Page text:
Boeing Given $28B to Build World's Most Powerful Rocket

By Glen White
NASA recently finalized a $2.8 billion contract with Boeing to build the most powerful rocket to date, which will use four space shuttle engines and two...

NASA recently finalized a $2.8 billion contract with Boeing to build the most powerful rocket to date, which will use four space shuttle engines and two solid rocket boosters to propel astronauts to Earth’s orbit and beyond.  Boeing will build the rocket’s core stage, which will house the hundreds of metric tons of liquid hydrogen and oxygen needed to fuel the four main engines.

A test flight of the Space Launch System (SLS) has been planned for 2017.  The test will demonstrate an initial 70-metric ton lift capacity configuration of the rocket that would carry an Orion spacecraft (without crew) beyond low-Earth orbit.  The Register reports that a successful test would pave the way for the rocket to evolve into history’s most powerful launch vehicle with a lift capability of 130 metric tons.  The rocket could potentially enable humans to embark on missions to near-Earth asteroids, the moon and Mars.

In a press release, vice president and program manager of Boeing SLS Virginia Barnes stated “Our teams have dedicated themselves to ensuring that the SLS—the largest ever—will be built safely, affordably and on time. We are passionate about NASA’s mission to explore deep space. It’s a very personal mission, as well as a national mandate.”

The SLS represents NASA’s first deep-space exploration vehicle for human missions since the Saturn V rocket took U.S. astronauts to the moon more than 40 years ago.  The initial 70 metric ton configuration of SLS will have ten percent more thrust than the Saturn V.  Upon the completion of the 130 metric ton configuration, it will provide 20 percent more thrust than the Saturn V.  That configuration should provide the power necessary to complete human missions to Mars.

NASA’s legacy technology has been put to good use in the design of the SLS, including the incorporation of the highly efficient RS-25 engines used by the space shuttle.  The SLS rocket will also use larger versions of the space shuttle’s twin solid-fuel boosters.  The Orion spacecraft that will carry astronauts on their missions is inherited from NASA’s previous Constellation program, aimed at returning U.S. astronauts to the moon.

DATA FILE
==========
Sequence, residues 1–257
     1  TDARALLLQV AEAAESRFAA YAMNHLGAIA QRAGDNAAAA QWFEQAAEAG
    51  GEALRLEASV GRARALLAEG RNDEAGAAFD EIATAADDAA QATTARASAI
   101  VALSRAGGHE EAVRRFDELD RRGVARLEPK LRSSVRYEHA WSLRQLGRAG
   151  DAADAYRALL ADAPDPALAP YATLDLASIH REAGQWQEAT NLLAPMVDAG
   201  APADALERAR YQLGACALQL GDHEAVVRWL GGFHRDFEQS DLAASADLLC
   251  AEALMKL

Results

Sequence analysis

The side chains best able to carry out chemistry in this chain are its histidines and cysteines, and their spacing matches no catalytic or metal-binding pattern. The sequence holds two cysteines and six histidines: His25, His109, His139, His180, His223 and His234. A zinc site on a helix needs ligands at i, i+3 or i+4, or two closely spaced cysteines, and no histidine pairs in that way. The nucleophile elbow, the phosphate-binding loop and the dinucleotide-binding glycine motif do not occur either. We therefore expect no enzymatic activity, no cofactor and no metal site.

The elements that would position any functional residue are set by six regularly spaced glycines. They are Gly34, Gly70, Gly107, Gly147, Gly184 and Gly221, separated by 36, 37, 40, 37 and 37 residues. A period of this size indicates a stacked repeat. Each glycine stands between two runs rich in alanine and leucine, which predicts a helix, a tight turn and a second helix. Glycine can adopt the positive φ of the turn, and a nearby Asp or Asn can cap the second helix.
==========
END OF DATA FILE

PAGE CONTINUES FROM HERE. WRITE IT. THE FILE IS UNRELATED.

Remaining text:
The deal makes Boeing the prime contractor responsible for the rocket’s core stage.  At a height of 64.6 meters, the core stage will store the liquid hydrogen fuel and liquid oxygen oxidizer at cryogenic temperatures below -150 degrees Celsius.  It will also house the rocket’s main electronic systems and flight computer.

Boeing faces the task of studying the upper stage required for the 130 metric ton version of the rocket.  The upper stage would provide the boost necessary to send astronauts on deep space missions.  Pratt & Whitney Rocketdyne is currently developing two J-2X engines for upper stage use that would be fueled by liquid hydrogen and oxygen. 

NASA and Boeing representatives recently met as part of the Critical Design Review (CDR) board overseeing the SLS at NASA’s Marshall Space Flight Center in Huntsville, Alabama.  This was the last major review before production began on the core stage.

“Completing the CDR is a huge accomplishment, as this is the first time a stage of a major NASA launch vehicle has passed a critical design review since the 1970s,” Tony Lavoie, manager of the Stages Office at NASA's Marshall Space Flight Center, said in a press release.  “In just 18 months since the Preliminary Design Review, we are ready to go forward from design to qualification production of flight hardware.”

With the Constellation program’s cancellation in 2010 and the subsequent retirement of the space shuttle fleet in 2011, NASA’s human spaceflight program hasn’t had much to celebrate over the past few years.  But if NASA’s budget and test launch schedule stays on track, the 130 metric ton configuration of the SLS could ultimately blast off in 2021 with the Orion spacecraft and up to four U.S. astronauts in tow.


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